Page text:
Friday, July 9, 2010

Superfreakonomics by Steven Levitt and Stephen Dubner

SuperFreakonomics: Global Cooling, Patriotic Prostitutes, and Why Suicide Bombers Should Buy Life Insurance
Freakonomics, a while back, was a really interesting read, so I've been eagerly awaiting this book. Levitt and Dubner present the results of a number of unconventional economics research projects in an entertaining, yet informative, style. The subjects of these studies are all over the map, from prostitution to global warming and child safety seats, but somehow the authors weave them together in a seamless tapestry that moves from one subject to the next naturally.

Were you aware that, on a per mile basis, it's more dangerous to walk home drunk than to drive? I hope this doesn't encourage anyone to climb behind the wheel after a few cocktails; your best bet is to call a cab or a sober friend to get you home.

In an era when debates about the efficacy of health care in this country have dominated the news, the authors tell us about several ways to live longer. It turns out that Nobel Prize winners live longer than those who are merely nominated, so I guess we're gonna have President Obama and Al Gore around for a while, if the latter isn't killed by a masseuse's angry boyfriend first. Athletes who are inducted into the Baseball Hall of Fame also live longer than those who strike out. On a personally encouraging note, people who buy annuities tend to live longer than those who don't, perhaps motivated by a subconscious desire to make the most of those regular payments. Thanks for saving my life, Cal.

Absolutely contrary to what you might think, in the years since we've been fighting two wars in Afghanistan and Iraq, there have been about 500 less military deaths per year than during the 80s, when were fighting no wars at all. Safer to be in a war zone than merely training for one, evidently.

Once again on the subject of medicine, did you know it's better to be on the kidney transplant list in Iran than in the United States? Over medical ethics concerns, Congress has made it illegal in this country to sell someone your kidney (or other organs, for that matter). In Iran, it's legal to be compensated for donating an organ, and while in this country there are 80,000 people currently waiting for transplants and only 16,000 will be performed, there is absolutely no waiting list in Iran, the demand for transplantable kidneys is matched by the supply. By the way, Internet inventor Al Gore was one of the most vocal opponents of compensation for organ donors. Is there an anti-Nobel prize for medicine we can award him?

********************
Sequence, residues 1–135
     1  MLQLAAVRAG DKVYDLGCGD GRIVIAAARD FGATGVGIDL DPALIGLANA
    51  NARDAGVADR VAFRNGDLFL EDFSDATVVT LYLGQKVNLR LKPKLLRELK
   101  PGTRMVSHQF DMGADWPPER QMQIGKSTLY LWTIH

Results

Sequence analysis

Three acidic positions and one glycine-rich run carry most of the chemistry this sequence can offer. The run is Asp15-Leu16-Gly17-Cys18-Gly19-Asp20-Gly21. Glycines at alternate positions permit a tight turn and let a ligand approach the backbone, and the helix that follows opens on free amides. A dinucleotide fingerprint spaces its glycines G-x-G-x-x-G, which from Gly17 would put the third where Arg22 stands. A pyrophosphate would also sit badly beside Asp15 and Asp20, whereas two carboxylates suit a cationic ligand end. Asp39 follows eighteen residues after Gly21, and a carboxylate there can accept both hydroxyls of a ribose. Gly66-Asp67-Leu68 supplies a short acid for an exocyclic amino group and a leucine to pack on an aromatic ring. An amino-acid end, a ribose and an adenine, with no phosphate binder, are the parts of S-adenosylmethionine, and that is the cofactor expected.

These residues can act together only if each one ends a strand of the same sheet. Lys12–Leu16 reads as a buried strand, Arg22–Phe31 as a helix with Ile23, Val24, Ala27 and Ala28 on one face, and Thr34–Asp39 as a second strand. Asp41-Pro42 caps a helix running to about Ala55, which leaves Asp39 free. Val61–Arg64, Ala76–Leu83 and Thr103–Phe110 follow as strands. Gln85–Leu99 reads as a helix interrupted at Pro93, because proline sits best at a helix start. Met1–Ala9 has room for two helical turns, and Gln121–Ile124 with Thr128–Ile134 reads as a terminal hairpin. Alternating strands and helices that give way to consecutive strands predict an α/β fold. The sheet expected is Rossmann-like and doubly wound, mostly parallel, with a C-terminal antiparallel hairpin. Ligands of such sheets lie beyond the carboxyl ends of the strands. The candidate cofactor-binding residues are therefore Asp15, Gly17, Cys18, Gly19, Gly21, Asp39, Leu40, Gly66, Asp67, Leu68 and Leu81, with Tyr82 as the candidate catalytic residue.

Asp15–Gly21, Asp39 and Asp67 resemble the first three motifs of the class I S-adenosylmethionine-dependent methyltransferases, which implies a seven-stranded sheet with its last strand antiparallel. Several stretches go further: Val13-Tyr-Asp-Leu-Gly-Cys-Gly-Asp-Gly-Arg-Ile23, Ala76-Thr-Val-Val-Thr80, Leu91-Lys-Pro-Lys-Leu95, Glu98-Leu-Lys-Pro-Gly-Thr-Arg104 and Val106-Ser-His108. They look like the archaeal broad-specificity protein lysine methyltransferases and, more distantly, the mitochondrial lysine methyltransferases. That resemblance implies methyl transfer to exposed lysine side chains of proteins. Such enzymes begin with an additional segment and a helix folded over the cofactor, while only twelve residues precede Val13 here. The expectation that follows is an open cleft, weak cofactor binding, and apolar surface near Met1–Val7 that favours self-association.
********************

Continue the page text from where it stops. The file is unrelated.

Back in the 1840s, Ignatz Semmelweis discovered that the simple procedure of making doctors wash their hands with disinfectant before delivering babies reduced mortality rates by half. Oddly enough, current studies show that most doctors at one major hospital today, with all of our advances in medical science and education, only wash their hands about 9% of the time. Can you say staph infection? I knew that you could.

In an interesting wrap up story, the only one which didn't use humans as its subjects, economists were experimenting with introducing the concept of money to capuchin monkeys. It turned out that the monkeys learned to display the same behavior found in investors in the stock market, "loss aversion." Unfortunately, they also induced the first known incident of monkey prostitution, and the experiment was discontinued because the monkey lab authorities feared the monkeys' culture would be irreparably damaged.

There's some great stuff in here about people working on simple fixes to complex problems, such as global warming, as well. I highly suggest you grab a copy of this book and give it a thorough read.

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